It is a confusing time for our children. They have only just got their heads around the fact that the virus has changed how they live and play and so there will be questions.

How can I return to school but still can’t see Granny and Grandpa? Why are some of my friends going back at school but others are not? Parents and teachers need to work together collaboratively to support children as they make this next transition. The priority for staff and pupils returning to school this term has to be about welfare, support, connecting pupils together and getting children back into healthy routines.

Explain messages in clear and simple terms and be prepared to repeat the message

We need to explain to children that the virus will be around for a while but that we are learning more about it all of the time. This means that for many families, where everyone is fit and well, they can start to do some of the activities that they used to such as returning to school, rather than keeping away from people altogether.

Importantly from a safety perspective, we must also explain that the virus itself hasn't changed but that we have got smarter about it. It is still a risk and still able to jump from person to person and we therefore have to be clever about how we live and in particular, our hygiene. Keeping up the messages about how and when to wash our hands and making this fun and something everyone does together, will help.

Keep talking

Giving children a chance to ask questions about this will also be important. Allow time to do this and give them the chance to articulate this however they find helpful, be patient and try to listen carefully to their concerns. Keep allowing time for this once they have gone back to school too and feed this back to teachers who can help to work on these issues in school with children together.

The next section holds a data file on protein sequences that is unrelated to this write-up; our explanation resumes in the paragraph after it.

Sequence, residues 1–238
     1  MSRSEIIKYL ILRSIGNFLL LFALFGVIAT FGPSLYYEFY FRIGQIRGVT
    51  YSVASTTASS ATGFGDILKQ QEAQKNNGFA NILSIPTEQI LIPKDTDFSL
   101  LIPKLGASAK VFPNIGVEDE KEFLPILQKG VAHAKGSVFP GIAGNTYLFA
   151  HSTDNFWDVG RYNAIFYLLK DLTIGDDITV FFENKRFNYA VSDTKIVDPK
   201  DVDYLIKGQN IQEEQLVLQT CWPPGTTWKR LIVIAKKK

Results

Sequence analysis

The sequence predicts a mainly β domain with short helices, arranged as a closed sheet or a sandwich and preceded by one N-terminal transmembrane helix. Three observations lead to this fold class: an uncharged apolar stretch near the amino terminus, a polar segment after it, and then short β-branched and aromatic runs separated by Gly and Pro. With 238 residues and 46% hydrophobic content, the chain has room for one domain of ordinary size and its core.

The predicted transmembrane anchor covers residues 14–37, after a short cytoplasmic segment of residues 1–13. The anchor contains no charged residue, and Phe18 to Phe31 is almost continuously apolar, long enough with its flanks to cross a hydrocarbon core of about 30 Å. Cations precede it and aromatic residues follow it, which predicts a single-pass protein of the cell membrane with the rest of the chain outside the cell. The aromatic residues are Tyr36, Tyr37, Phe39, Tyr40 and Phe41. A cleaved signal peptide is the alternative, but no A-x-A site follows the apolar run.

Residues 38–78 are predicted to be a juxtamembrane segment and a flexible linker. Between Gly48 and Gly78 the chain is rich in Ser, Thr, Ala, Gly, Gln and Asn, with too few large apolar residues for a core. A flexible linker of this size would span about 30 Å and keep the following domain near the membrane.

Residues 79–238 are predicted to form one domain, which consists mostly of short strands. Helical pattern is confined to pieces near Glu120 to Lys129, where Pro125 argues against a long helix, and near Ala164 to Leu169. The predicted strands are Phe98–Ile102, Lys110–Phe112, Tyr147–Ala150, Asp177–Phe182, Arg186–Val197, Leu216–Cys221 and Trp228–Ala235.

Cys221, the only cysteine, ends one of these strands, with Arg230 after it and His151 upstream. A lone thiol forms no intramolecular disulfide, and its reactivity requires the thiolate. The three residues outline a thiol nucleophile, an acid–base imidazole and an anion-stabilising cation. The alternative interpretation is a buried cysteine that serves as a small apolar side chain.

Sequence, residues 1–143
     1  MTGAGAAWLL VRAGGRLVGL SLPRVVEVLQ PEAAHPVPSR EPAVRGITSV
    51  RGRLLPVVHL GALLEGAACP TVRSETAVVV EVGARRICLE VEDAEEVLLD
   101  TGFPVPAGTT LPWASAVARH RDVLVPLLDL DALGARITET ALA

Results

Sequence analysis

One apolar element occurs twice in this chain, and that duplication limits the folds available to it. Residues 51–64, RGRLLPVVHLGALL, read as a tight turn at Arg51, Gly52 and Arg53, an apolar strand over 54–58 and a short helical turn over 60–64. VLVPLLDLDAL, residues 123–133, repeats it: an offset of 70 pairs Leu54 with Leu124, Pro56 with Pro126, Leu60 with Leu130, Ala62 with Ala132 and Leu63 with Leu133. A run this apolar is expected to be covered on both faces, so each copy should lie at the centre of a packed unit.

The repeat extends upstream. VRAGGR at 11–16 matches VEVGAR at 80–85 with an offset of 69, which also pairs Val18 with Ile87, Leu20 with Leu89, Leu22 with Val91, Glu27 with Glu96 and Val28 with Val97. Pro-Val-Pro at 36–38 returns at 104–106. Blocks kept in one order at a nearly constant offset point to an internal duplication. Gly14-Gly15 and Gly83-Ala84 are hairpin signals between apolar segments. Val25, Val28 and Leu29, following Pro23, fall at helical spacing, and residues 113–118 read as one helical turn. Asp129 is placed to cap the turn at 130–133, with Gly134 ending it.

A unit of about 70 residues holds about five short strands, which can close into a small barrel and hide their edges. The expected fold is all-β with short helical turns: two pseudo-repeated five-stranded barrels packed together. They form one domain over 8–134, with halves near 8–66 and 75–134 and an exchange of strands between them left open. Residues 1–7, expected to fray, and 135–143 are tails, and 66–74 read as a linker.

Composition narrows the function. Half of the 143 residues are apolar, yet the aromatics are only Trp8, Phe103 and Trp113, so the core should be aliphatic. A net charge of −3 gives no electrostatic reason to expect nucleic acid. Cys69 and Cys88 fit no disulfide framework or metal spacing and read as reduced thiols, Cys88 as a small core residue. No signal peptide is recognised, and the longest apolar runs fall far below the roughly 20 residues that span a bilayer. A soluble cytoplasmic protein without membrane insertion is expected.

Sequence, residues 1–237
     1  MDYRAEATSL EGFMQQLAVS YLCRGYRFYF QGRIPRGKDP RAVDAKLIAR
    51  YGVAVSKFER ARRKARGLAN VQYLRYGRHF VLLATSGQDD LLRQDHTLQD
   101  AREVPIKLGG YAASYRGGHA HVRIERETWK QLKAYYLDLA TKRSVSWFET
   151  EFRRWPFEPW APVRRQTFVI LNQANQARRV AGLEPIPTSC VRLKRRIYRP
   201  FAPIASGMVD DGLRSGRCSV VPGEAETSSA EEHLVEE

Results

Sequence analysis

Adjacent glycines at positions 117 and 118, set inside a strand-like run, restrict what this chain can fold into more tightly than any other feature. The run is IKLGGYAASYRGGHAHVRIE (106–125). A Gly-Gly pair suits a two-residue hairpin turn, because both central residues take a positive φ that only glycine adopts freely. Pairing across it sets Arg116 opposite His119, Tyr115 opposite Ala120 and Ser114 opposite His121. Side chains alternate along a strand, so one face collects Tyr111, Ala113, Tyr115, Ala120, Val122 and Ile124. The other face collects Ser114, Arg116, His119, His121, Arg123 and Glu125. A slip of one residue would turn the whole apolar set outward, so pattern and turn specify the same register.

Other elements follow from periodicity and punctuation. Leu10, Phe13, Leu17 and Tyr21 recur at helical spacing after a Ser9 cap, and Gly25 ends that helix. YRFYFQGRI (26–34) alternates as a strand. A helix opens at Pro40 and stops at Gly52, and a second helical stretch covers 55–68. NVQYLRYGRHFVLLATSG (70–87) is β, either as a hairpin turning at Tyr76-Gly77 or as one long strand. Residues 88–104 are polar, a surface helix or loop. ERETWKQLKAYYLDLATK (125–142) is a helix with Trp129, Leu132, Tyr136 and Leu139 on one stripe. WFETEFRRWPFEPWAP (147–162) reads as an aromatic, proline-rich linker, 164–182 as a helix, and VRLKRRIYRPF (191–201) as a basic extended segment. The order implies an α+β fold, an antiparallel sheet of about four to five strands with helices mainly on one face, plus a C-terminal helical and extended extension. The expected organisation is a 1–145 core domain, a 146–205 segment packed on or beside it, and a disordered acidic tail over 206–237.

Gradual change

This return to school is about a gradual change. Although we can start to go back to school and see some of our friends, it might take a while for life to get back to how it was before the virus but people are working very hard to do so. When we go back to school it will be different to how it was before. It is important to explain to children that they can expect to see fewer people and that this is necessary to keep each other safe. Keeping our distance where we can is another way to help us all stay safe.

Create a time and place to ask questions

Some children may talk about their feelings about returning to school openly. Younger children or children who are less forthcoming might take a while to process some of this and parents and teachers can often make this easier through play and drawing. Giving children an open task about how they feel on returning to school may garner a chance to talk about things. However, whilst this situation is very different to normal, it is important that it doesn't all feel different and heavy for our children. So making time for fun and play that is covid-free it is crucial.

Explain that we have all experienced this time together

We will always share this time and we have had more time together at home which is a positive thing. For those pupils worried about missing work, reassure them, the whole world has been in this situation and no one is behind. Schools will work with children and families to make sure that if there are any gaps in understanding has occurred it is identified and supported ahead of September.

Feeling loved

Parents will want to do their best to avoid their children feeling like they are to blame for getting behind, or indeed that they have been short-changed or impacted by this time. The most important message for children that are returning is to emphasise how much they are loved and how we will all come through this time by working together.

  • Lara Péchard is head teacher at St Margaret's School, Bushey